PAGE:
9 Ways to Prepare for the National Novel Writing Month

I’m interested in creating supportive internal and external environments to facilitate writing during NaNo. To me, writing is the easiest thing about NaNoWriMo – just sitting there and putting the words on the page, because the month of November is no different to any of the other 11 months of the year where I don’t live in a vacuum. None of us are the proverbial boy in a bubble in November (though it would be nice to be sometimes). And as each year goes by the ability to slice off parts of life become less and less doable.

Like me, you have to juggle existing responsibilities and find time to write. You have fears, weaknesses and you get stressed? You may have a family, probably have a job of some description, as well as social commitments. On top of that you also have 1667 words to put down every day.

The good news is, NaNo is lots of fun, is most definitely worth it AND you have ability to anticipate and plan before hand. I strongly recommend taking time out to work out how you can best facilitate November to get to the 50,000 words.

This post outlines nine areas you may have not even considered important to your NaNo campaign – but believe me they are. I suggest you spend an hour over the next few days to answer and explore the questions posed at the end of each section. Team up with some other WriMos – compare answers and share coping strategies

1. Expectations

Our expectations have a great impact on us. Putting them down on paper can be a powerful exercise. It’s also a good place to start to conceptualise NaNo as a real life experience and not a fantastical (good or bad) idea that’s been floating around in your head.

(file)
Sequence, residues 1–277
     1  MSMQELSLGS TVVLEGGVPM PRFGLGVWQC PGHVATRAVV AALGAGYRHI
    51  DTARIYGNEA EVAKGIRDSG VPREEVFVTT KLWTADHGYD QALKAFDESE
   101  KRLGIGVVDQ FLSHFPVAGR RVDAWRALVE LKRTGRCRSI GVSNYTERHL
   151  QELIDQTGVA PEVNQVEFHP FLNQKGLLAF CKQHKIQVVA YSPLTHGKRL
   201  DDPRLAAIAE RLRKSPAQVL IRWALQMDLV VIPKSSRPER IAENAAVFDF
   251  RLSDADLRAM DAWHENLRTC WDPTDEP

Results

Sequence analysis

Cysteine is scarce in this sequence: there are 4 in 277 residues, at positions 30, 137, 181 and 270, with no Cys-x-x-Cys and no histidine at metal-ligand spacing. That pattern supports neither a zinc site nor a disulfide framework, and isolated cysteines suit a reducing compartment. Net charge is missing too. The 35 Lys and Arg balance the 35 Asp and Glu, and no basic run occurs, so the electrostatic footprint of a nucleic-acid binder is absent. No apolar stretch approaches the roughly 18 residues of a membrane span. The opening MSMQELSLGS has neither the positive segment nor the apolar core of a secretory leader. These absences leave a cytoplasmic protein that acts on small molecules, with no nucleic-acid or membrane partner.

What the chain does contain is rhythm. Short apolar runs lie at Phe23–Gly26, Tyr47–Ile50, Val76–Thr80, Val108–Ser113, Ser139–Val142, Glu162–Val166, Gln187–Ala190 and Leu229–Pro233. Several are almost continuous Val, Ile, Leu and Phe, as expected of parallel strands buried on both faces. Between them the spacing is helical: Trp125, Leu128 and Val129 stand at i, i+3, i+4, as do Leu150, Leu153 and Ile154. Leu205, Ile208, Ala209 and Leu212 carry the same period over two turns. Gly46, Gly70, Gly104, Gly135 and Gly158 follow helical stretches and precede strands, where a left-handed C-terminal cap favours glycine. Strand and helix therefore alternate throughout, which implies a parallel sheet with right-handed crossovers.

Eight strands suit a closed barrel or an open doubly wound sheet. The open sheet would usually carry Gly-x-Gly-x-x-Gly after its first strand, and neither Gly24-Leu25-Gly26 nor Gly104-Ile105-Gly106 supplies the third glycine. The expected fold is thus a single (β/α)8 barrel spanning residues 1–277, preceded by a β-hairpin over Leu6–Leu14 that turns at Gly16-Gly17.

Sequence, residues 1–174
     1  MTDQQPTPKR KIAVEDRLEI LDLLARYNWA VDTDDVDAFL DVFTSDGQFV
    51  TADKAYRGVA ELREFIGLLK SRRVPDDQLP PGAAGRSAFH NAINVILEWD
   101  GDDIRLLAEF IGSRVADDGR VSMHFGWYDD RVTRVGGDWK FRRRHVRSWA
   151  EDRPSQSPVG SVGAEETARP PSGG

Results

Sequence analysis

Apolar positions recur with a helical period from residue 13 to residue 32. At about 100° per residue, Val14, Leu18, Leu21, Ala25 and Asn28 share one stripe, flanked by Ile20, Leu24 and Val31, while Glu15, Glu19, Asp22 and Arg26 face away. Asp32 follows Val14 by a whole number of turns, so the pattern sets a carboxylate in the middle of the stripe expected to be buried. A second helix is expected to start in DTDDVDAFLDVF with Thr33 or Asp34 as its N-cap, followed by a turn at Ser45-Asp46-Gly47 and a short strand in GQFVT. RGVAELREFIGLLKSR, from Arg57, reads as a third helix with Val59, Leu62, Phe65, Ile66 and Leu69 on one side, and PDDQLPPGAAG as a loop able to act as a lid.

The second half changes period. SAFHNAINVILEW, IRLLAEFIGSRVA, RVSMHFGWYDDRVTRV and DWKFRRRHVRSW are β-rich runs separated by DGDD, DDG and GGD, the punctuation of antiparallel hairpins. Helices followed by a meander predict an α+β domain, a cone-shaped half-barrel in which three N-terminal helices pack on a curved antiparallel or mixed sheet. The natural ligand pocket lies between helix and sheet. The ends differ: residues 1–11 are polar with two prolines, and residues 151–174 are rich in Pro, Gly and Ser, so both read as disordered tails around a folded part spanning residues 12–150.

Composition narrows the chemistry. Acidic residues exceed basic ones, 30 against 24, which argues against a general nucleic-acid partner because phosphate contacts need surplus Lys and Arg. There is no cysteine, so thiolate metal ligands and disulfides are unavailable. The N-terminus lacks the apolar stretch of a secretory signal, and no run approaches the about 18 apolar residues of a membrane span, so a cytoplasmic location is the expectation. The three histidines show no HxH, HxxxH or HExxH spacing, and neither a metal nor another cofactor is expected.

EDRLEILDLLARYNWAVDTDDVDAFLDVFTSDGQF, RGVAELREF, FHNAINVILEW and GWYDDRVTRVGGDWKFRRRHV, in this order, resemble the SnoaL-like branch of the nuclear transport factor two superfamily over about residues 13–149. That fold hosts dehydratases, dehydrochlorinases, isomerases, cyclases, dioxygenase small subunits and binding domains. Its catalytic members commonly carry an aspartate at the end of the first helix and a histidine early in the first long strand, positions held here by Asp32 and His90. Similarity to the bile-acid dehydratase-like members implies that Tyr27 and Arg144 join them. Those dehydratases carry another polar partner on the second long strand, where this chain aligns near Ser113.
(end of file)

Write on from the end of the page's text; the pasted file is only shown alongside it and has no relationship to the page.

• What do you expect to get out of your NaNo experience?
  • What do you think will be the easiest part of NaNo?
  • What do you think will be the hardest part of NaNo?

If you’ve participated in NaNo before you might also like to reflect what has been the easiest/hardest part in previous campaigns.

2. Strengths and Weaknesses

Old hands and newbies alike will benefit from taking this inventory (also those not actively involved in preparing for NaNo!) Being able to play to your strengths and negate the impact of your weaknesses is important for any project you involved in – but first you have to know what they are.

  • What are your strengths as a writer?
  • What are your weaknesses as a writer?

If you have participated in NaNo before you might like to focus in on what you love about NaNo and aim to incorporate or focus on that during November. Being reminded you do NaNo because you love writing might be enough to salvage a (perceived) bad day because – well, you’ve been writing!

3. Knowing your habits.

Knowing you habits can help you create an environment most conducive to putting down large amounts of words a day. This includes what stops you from writing as well as what eggs you on.

  • When do you write most efficiently/effectively? (This includes time, location, atmosphere, emotional and mental state and other things like music.)
  • What are your biggest distractions?

You might also be interested in going through previous articles posted here about knowing your process!

4. Creatively Primed – Keeping the well topped up

Different people gestate ideas at a different pace. Some stories come to you quickly, others can take days, weeks, months or even years to brew and mature. Knowing how to maintain your creative energy and a creative space will help to keep your story following no matter what.

November is not the time to come down with a mortal case of writers block.

  • What facilitates/supports nurtures your creative life?
  • What drains/stunts/blocks your creative life?

5. Stress

No one will disagree November presents numerous challenges to each writer and with each of them comes the possibility of stress. Knowing how your stress manifests and how you cope positively and negatively, will enable you to plan ahead to deal with it.

  • What stresses you out?